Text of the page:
shield arrow-simple-alt-top arrow-simple-alt-left arrow-simple-alt-right arrow-simple-alt-bottom facebook instagram linkedin medium pinterest rss search-alt twitter video-play arrow-long-right arrow-long-left arrow-long-top arrow-long-bottom arrow-simple-right arrow-simple-left arrow-simple-bottom readio arrow-simple-top speaker-down plus minus cloud hb pin camera globe cart rotate star edit arrow-top arrow-right arrow-left arrow-bottom check search close square speaker-up speaker-mute return play pause love

Fourteen Children and Teens Freed from Abusive Plastics Factory

Late Thursday evening, an IJM Canada partner helped authorities free 14 trafficking survivors from a plastics factory where they had been forced to work for the last eight months.

The group included two 18-year-olds and twelve minors, ranging from 10 to 17 years old.

All of these young people had been trafficked from their home states of Chhattisgarh, Odisha and Bihar to the southern tip of India, in Tamil Nadu state. They were recruited by a middleman working for the factory, who sought out desperate families and deceived them with promises of good work and fair pay.

Instead, the trafficker transported the children to this plastics factory and handed them over to the owners. He added up all of the victims’ travel expenses, like trains and food, and said the children had to repay this debt through their labour—or they would never be allowed to leave.

From there, the factory owners put them to work making plastic bags, nylon ropes and other plastic goods. They were expected to work at least 12 hours a day but were often required to labour all night long to meet a quota. Supervisors watched them constantly and only let them leave if they were severely sick or injured. At night, all of the victims slept together in one room.

One IJM staff member shared, “It was shocking to learn that the boys and girls were kept in the same room within the factory grounds. It is uncommon to see people of opposite genders forced to share a room by factories, especially during this pandemic.”

IJM heard about the conditions at the factory from another survivor of bonded labour who knew people working at the factory. We referred the case to our partner Foundation for Sustainable Development (FSD) who works in the same district. FSD staff alerted the local government to the exploitation on July 22, leading the District Sub-Collector to immediately form a rescue team with police and other local authorities.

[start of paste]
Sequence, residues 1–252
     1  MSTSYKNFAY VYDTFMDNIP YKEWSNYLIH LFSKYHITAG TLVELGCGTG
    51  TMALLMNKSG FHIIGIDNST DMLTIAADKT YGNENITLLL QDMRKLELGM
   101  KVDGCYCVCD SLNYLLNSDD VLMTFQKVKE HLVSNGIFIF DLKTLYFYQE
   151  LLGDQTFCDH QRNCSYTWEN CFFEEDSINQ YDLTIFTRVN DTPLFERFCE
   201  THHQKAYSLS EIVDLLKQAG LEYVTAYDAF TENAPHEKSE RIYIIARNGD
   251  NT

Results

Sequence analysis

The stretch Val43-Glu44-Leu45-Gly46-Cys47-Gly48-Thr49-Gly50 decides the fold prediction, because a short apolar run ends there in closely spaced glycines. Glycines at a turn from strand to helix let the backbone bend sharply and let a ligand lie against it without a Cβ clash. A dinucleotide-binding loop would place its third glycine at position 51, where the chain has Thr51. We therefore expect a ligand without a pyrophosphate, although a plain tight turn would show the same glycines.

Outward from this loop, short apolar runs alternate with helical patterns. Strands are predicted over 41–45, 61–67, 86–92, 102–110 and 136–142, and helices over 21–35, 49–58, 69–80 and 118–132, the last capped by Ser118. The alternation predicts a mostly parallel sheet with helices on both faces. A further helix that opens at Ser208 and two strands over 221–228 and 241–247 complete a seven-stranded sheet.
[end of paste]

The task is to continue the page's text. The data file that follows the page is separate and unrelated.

Within 30 minutes of hearing about the case, officials arrived at the factory to interview the children about their experience and confirm the abuse. They then brought all 14 victims to safety at a government office. Officials took their detailed statements and gave them Release Certificates, which formally declare them as free from the traffickers and will help them access government benefits for their recovery.

Today, the survivors are staying at a safe shelter home, where they will get short-term medical care and counseling. Officials will also help them set up bank accounts and will deposit funds for their recovery, as per India’s laws. FSD staff will help the children return home as soon as they are able.

FSD is also supporting the government in filing an official police report against the factory owner and the middleman who trafficked the children—so they cannot hurt other families again.

You might also be interested in…

see more

Newsletter Sign Up

Stay connected to the work! Sign up to get updates straight to your inbox.

Media Contact

We're here to answer your questions. Please fill out the form below and someone from our team will follow up with you soon.

Make an Impact

Your skills, talents, and ideas are a force for change. From birthday parties to polar dips, your fundraising campaign can stop the violence.

Learn More

Thank you for signing up to learn more about starting a fundraiser. We will be in touch soon!

In the meantime, please take a look at our free guide: 25 Tips for the Novice Fundraiser.

Need Help?

Need more information?
We're here to help.
Contact us at